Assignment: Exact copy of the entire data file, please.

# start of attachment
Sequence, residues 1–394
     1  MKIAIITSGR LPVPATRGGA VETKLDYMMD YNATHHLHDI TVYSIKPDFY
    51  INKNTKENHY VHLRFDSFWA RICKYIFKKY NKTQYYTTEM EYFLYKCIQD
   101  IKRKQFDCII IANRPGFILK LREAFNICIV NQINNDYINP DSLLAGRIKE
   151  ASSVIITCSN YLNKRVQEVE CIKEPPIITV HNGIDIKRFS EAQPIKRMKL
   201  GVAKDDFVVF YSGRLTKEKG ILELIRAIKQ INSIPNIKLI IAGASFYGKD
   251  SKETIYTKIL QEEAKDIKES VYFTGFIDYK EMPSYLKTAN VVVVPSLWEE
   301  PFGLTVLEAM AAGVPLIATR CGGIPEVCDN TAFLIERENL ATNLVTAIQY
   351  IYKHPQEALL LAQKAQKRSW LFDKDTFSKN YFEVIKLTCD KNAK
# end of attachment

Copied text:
Sequence, residues 1–394
     1  MKIAIITSGR LPVPATRGGA VETKLDYMMD YNATHHLHDI TVYSIKPDFY
    51  INKNTKENHY VHLRFDSFWA RICKYIFKKY NKTQYYTTEM EYFLYKCIQD
   101  IKRKQFDCII IANRPGFILK LREAFNICIV NQINNDYINP DSLLAGRIKE
   151  ASSVIITCSN YLNKRVQEVE CIKEPPIITV HNGIDIKRFS EAQPIKRMKL
   201  GVAKDDFVVF YSGRLTKEKG ILELIRAIKQ INSIPNIKLI IAGASFYGKD
   251  SKETIYTKIL QEEAKDIKES VYFTGFIDYK EMPSYLKTAN VVVVPSLWEE
   301  PFGLTVLEAM AAGVPLIATR CGGIPEVCDN TAFLIERENL ATNLVTAIQY
   351  IYKHPQEALL LAQKAQKRSW LFDKDTFSKN YFEVIKLTCD KNAK